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Play 'em Again : Monty Hall and Co. Recall the Good Ol' Games

July 08, 1990|Susan King

Game shows--once a staple of daytime, early evening and even prime-time TV--are making a comeback. Not that they've gone anywhere. This is a comeback of a different sort: the return of some old favorites.

Is there anyone over 25 who never once saw "Let's Make a Deal"? The Monty Hall favorite returns to the airwaves Monday at 10 a.m. on NBC, sans Hall. Newcomer Bob Hilton gets to talk to giddy contestants in silly outfits.

And then there's "Match Game," which brought wisecracking Gene Rayburn and a panel full of celebrities to homes every Monday through Friday afternoon in the 1960s. It's coming back too, weekdays starting July 16 at 11 a.m. on ABC. No Rayburn though. Ross Schaefer asks the questions this time.

And in September, NBC will air the celebrity stumper "To Tell the Truth," the true classic of the bunch. Australian Gordon Elliott will emceee the series, which originally was hosted by the late Bud Collyer.

For anyone who watched '50s, '60s and '70s game shows, this begs some questions: Whatever happened to Gene Rayburn? Where is Monty Hall? And what about other hosts of the time when games were in their prime?

And the answers are:

MONTY HALL

Game show icon of: "Let's Make a Deal," 1963-68 (NBC); 1968-1976 (ABC); 1971-76, 1980, 1984 (syndicated).

Let's make a game show: "It took us a year of showing it to networks before anyone would make a pilot. It was a radically different type of show. People were selected at random, and no one had seen anything like this before. Even after we made the pilot it took several months to get the go-ahead."

The crazy clothing: "We never asked (the audience) to put on any costumes. People were sitting there in business clothes, but then a woman came with a sign asking me to pick her. Then someone wore a funny hat and then you had Phyllis Diller look-alikes. It grew and grew. But we never selected a contestant by what they wore. It would have been a costume competition."

Let's make funny: "In 4,500 shows, a lot of strange things happened. An elephant once was behind one of the doors and (model) Carol Merrill was holding it by a rope. As the door opened, it got nervous and broke away from the rope and thundered down the loading platform and ran into Prospect Avenue."

Let's make a memory: "A contestant who had won $300 wouldn't trade it away for anything. We found out after the show this woman had hitchhiked down from Central California and had just wanted to win something because they were in such desperation. I was moved by the fact that once she got the $300, no offer would budge her. It was a sad story. Ninety-nine percent of the people came to have a good time."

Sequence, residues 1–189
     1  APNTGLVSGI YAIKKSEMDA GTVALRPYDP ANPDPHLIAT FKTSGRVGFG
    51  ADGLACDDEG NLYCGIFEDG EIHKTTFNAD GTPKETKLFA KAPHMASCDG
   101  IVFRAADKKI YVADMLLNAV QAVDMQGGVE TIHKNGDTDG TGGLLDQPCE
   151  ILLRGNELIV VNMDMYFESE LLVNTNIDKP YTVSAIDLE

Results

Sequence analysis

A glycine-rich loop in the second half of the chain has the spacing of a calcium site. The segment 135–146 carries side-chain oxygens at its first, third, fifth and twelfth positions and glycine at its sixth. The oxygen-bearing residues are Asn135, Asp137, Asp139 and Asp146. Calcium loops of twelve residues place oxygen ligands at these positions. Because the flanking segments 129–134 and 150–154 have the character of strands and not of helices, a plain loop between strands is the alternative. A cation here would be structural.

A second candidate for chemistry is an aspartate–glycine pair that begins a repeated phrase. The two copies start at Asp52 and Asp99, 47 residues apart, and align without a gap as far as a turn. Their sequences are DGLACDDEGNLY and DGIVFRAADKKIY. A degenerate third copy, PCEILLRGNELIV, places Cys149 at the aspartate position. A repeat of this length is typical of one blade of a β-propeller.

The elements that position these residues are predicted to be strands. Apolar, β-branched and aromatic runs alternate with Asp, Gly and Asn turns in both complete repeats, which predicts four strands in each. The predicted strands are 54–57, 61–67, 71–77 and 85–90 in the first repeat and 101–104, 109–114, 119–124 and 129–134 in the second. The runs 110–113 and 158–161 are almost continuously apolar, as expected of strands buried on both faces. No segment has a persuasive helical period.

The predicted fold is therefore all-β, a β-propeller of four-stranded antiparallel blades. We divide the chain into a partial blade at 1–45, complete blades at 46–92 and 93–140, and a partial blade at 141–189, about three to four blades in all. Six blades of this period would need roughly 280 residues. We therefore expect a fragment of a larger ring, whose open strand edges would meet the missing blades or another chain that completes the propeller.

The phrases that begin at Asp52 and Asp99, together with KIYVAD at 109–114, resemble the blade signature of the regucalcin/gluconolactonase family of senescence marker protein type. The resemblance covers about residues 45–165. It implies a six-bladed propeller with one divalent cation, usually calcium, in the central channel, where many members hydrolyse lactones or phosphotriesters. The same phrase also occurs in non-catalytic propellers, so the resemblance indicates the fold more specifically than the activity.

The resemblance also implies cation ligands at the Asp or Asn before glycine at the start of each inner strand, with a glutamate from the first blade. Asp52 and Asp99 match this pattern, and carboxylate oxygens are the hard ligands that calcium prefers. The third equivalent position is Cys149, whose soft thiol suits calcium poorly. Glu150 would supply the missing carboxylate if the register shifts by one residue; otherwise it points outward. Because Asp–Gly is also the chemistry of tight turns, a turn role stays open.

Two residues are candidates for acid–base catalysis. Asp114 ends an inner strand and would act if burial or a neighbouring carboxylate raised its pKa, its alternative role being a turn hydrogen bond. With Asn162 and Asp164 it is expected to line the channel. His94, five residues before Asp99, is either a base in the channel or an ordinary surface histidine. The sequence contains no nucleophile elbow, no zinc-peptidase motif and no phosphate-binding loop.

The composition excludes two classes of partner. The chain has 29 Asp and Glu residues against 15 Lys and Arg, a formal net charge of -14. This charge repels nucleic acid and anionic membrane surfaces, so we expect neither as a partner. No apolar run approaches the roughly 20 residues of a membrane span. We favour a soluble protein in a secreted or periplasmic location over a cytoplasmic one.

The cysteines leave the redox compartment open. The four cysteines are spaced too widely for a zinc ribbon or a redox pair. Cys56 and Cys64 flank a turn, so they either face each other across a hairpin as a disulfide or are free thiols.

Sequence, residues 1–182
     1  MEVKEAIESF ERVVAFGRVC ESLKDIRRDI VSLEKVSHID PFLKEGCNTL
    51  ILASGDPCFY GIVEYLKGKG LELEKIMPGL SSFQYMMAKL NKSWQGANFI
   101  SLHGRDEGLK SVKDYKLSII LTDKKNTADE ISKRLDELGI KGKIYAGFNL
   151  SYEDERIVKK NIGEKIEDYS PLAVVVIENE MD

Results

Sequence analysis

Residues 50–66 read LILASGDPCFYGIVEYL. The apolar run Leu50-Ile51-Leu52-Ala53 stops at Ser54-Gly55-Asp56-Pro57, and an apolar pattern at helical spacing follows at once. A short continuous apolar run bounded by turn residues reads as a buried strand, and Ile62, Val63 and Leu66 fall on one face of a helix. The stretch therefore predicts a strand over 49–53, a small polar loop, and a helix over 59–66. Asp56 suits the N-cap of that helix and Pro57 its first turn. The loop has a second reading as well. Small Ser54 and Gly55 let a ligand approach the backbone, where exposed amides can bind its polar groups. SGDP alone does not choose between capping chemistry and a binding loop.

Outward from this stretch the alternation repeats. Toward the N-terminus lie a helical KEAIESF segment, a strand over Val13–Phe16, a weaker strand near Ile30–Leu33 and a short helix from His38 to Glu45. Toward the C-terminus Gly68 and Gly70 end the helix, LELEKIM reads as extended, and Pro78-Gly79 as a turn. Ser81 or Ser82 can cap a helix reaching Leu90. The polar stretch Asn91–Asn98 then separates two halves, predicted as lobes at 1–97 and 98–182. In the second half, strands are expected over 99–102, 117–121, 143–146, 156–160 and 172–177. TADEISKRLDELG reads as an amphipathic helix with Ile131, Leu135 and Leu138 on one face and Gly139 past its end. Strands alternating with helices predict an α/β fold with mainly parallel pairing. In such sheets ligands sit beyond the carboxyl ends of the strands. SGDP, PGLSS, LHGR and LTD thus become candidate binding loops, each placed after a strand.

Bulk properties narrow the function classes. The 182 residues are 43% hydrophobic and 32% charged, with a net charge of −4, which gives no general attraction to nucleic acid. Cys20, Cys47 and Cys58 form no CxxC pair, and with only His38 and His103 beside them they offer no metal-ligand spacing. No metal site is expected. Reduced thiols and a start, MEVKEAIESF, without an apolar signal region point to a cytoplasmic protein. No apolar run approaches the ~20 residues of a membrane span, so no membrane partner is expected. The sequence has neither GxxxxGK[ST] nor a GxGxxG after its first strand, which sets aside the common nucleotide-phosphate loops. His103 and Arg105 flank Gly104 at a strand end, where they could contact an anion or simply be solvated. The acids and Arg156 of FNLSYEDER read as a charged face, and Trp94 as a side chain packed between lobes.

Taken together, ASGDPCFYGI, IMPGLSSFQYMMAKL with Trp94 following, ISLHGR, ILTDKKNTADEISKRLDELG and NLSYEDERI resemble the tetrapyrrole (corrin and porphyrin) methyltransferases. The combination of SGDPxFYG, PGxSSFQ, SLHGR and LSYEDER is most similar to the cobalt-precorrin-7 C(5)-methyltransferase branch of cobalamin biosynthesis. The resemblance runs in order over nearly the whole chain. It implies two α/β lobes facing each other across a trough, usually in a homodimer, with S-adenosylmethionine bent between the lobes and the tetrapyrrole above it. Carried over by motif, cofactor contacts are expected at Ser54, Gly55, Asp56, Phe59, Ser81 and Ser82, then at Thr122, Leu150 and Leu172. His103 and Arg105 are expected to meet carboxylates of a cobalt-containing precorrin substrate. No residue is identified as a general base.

Where is he now?: "My charity work takes up a lot of time. I am very much involved in the new show (as a consultant). I am working with the new host, Bob Hilton, and am going to Orlando (where the show is taping) to help get it up. No one knows the show better."

GENE RAYBURN

Game show icon of: "The Match Game," 1962-69 (NBC); 1973-79 (CBS); 1975-1981 nighttime syndication.

The magic of "Match Game": "In the '60s we didn't really have giant ratings. On CBS we had fantastic ratings. In 1975 we hit a 14.9 share. No show in the history of daytime has done that.

"It got far racier and was a comedy show on CBS. No matter what kind of show I was doing, I really kind of instinctively made it into a comedy show.

"Many years prior to 'Match Game' I did a show called 'Dough-Re-Mi.' Three weeks into the show the producer said, 'This show stinks, doesn't it? Do what you can to keep it on the air.' I started clowning around with it. I would sing songs and do a tap dance. It turned into a funny show."

Why ABC did not hire him as host of the new "Match Game": "Just before they announced they were going to revive 'The Match Game,' 'Entertainment Tonight' wished me a happy birthday and gave my real age (72). When they heard how old I was they said, 'We want a young man. He may have a heart attack.' So they hired a young comic I never heard of before. It's such a difficult, weak format. But the show is the thing now; the host is nothing."

Where is he now?: "I've got an agent who keeps calling me and says he is going to get something going. I wish he would; I am bored. I love to play tennis. I also have a house in Connecticut. I just planted some tomatoes and parsley. I want some good vine-ripened tomatoes."

ART FLEMING

Game show icon of: "Jeopardy!" 1964-1975 (NBC); 1974 (syndicated); 1978-79 (NBC).

Once upon a time: "I grew up on the Broadway stage. I was 4 when I made my debut in 'The Great Waltz.' I did 48 movies and three TV series--'International Detective,' 'The Flying Tigers' and 'The Californians.'

"The only reason I ever did 'Jeopardy!' was because I hadn't done a game show. I had done everything else in the business. It ran 12,858 shows."

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